Accessing the state of HS_DET


I’m using the Linaro software stack with a board that is compatible to the DB410. The signal HS_DET (pad K14 on PM8916) is accessible in the pinout and is routed to the headphone jack. Can anyone explain how the information whether a headset is connected can be accessed from software? I’d like to control a power domain based on the state of that signal, but the ASoC platform driver does not export a control or anything.


Hi Daniel,

The functionality you’re looking for is called “MBHC” and is part of the “CDC_A_CODEC_ANALOG” hardware block in PM8916. It seems like the driver for this block does not deal with the MBHC support as of today though.


Ah, thanks for the pointer. Yes, from the public datasheet, this seems to be the thing I need. I wonder, however, how boards make use of this signal at all at the moment.

I’d add support for that myself, but I don’t have access to the datasheets. Can anyone provide me with the necessary information to make the implementation? Is there work being done on this already?


Do you mean how this should be presented in the software? Or can you elaborate/rephrase your “question”?

There is the public PM8916 register specification and there are support in the downstream kernels to use as reference. Is there any additional information that you have in mind?

I’m not aware of any efforts of supporting this functionality.

Okay, I must have missed that. Can you point me to a downstream kernel that implements this?

You can find the downstream mbhc driver here:

sound/soc/codecs/wcd-mbhc-v2.c - kernel/msm - Git at Google

This is instantiated from following driver:

sound/soc/codecs/msm8x16-wcd.c - kernel/msm - Git at Google

The upstream driver for this hardware block can be found in:



Hi @zonque

The “downstream” kernel that @bamse is referring to is the Android kernel. The Android kernel supports all of the hardware features but is based on a very old kernel (3.10 or 3.18 I think). Reading the downstream kernel is a very good reference on how to do something, but is usually very difficult to directly port to the latest upstream kernels. Instructions to download it and rebuild it are here: . Once your development system is set up you can download the BSP from here: , unzip the package and run the script, it will download all of the Android source and rebuild the image for you.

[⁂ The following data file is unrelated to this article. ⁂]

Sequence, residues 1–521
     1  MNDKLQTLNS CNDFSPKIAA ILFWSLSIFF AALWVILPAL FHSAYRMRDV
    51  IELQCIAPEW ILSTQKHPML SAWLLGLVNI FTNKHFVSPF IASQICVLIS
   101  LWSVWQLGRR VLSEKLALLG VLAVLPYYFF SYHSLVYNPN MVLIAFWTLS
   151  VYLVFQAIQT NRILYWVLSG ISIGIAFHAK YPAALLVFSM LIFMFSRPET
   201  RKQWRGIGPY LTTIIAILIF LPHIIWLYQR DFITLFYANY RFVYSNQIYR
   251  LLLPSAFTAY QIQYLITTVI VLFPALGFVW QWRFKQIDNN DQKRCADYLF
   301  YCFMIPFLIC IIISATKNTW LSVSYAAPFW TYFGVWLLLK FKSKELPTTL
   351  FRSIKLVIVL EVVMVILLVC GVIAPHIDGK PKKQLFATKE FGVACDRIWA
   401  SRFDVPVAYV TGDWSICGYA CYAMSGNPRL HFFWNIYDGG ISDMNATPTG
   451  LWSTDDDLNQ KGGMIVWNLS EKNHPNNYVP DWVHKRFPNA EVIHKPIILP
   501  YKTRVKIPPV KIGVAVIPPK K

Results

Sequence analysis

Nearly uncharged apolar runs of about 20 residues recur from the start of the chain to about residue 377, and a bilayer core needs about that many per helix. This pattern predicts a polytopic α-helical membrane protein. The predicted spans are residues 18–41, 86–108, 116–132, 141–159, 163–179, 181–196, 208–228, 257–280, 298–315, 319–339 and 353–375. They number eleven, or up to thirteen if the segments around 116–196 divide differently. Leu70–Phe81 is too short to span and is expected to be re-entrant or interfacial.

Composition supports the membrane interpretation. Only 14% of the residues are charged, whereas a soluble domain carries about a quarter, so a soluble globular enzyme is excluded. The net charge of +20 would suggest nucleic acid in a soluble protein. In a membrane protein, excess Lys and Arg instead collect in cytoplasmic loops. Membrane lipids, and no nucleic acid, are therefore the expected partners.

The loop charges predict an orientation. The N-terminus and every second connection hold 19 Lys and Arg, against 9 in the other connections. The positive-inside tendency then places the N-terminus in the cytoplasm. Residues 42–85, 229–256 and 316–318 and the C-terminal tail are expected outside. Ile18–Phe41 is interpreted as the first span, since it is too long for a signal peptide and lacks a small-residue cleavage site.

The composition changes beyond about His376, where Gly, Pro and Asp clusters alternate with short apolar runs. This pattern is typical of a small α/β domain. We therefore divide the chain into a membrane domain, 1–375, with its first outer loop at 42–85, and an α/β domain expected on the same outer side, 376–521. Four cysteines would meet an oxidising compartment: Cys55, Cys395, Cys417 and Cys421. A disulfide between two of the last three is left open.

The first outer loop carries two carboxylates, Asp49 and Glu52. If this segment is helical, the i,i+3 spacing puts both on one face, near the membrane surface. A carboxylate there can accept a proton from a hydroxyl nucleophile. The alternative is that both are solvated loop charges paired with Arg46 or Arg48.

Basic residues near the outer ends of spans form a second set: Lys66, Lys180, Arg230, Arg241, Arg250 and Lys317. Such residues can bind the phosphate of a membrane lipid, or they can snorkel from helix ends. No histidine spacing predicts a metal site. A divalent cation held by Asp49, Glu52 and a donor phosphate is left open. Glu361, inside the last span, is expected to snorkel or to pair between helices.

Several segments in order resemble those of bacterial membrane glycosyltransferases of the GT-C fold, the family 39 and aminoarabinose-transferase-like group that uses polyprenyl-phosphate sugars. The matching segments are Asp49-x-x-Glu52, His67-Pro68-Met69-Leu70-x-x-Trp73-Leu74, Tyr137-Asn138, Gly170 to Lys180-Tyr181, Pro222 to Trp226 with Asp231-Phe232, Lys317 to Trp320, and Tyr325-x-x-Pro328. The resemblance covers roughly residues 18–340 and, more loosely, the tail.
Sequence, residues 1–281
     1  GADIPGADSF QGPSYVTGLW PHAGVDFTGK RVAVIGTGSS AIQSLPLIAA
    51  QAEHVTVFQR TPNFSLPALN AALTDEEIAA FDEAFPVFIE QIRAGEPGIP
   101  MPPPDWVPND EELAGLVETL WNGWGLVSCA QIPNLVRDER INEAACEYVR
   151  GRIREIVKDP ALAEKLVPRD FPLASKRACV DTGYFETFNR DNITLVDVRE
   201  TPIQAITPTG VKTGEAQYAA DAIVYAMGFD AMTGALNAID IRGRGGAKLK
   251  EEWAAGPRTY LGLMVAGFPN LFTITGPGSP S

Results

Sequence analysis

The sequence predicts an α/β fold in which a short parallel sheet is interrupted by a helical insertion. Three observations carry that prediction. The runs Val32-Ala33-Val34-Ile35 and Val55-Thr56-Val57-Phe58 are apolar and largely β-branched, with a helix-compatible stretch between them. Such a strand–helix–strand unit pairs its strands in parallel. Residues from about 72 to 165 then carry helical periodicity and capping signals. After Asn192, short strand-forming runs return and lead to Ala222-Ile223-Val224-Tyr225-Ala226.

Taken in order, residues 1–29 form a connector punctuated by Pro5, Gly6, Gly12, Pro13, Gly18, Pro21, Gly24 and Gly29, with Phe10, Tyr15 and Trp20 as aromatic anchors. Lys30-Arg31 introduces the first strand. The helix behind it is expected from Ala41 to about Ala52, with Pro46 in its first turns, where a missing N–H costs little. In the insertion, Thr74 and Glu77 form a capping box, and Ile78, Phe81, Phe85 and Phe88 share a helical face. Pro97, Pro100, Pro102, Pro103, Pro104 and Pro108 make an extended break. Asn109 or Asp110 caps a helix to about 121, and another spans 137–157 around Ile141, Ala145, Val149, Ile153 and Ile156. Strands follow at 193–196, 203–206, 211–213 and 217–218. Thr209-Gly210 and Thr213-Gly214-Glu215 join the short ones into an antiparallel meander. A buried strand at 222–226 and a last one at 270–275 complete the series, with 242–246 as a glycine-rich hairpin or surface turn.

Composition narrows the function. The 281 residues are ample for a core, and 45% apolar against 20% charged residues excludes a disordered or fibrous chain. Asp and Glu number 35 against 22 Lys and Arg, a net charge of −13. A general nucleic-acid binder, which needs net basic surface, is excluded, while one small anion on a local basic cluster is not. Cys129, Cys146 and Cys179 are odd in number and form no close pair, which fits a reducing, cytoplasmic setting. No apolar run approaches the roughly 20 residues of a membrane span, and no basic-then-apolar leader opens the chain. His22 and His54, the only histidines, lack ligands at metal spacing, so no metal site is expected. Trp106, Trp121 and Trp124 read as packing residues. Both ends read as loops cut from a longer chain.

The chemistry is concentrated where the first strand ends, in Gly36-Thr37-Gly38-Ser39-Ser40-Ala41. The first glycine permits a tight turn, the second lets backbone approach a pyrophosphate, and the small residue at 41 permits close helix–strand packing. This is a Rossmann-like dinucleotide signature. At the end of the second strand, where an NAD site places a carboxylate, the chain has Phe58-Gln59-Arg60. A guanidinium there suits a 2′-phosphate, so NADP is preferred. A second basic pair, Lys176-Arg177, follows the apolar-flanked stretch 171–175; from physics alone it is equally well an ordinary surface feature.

The “upstream” kernel is available from the Linaro web site by running the commands

git clone -n working/qualcomm/kernel.git - Qualcomm Landing Team kernel
git checkout -b build-250 529c1db225629896d51b64a481b3760fd81a663a

Your ‘challenge’ is to understand the downstream kernel, and write a driver for the upstream kernel to operate the MBHC. There is some additional useful information in this document: and

Hope this helps

Full disclosure: I am an employee of Qualcomm Canada, any opinions I may have expressed in this or any other post may not reflect the opinions of my employer.

@zonque I started porting some of the code to Linaro’s kernel, and simplifying it on the way because it’s quite convoluted, but I had issues with buttons on some headsets. You really need both the documentation and the reference implementation to understand how it works.

I had to do other things for a while but I’ll soon get back to that, so you can get in touch with me if you want to team up.

Really happy to see that. And I am hoping you will be able to share your contributions, see Even better if you can get things upstream first.

Ah, that’s good to hear! You are referring to the non-public parts of the documentation I take it?

Just so that I understand - how is that functionality exposed then? Is it an ALSA control, a Linux input device or something proprietary that one can hook up in an ALSA/ASoC machine driver?

Yes, please let me know when you get back to it!


I meant the hardware register description that @ljking mentionned.

It appears as a Linux input device, so you can watch the events happen with evtest for instance.

Ideally it will be upstreamed. Linaro and upstream versions of the driver are quite alike, except some structures that changed names, so upstreaming and porting it back to Linaro’s kernel seems reasonable.

I think I’ll get back to it next week or the week after that.

@zonque it took me a bit longer than expected but I’ve just sent a series of patches upstream [1] for the support of the jack detection. So for now it’s limited to the mechanical switch. I’m working on cleaning up headset buttons detection but I have inconsistent results with different headsets, and a variety of other issues that I need to address.

It should be fairly easy to backport this series to a 4.4 kernel, and some extra tweaking might be required in pm8916.dtsi for the interrupt name and perhaps the interrupt flag should be changed to IRQ_TYPE_EDGE_RISING (that’s what I have locally but I am not sure this is necessary to make it work).

Let me know if you have any issue!

[edit: Srini replied to me that he has a more complete patchset coming up in a couple of days]


Wow, thanks a ton for working on this, @damienr!

The patches apply to the 4.9 tree I’m based on, with one trivial exception.

It will take me some weeks before we get to test this, but jack sensing is all I need for now. I’ll get back to you as soon as I have results.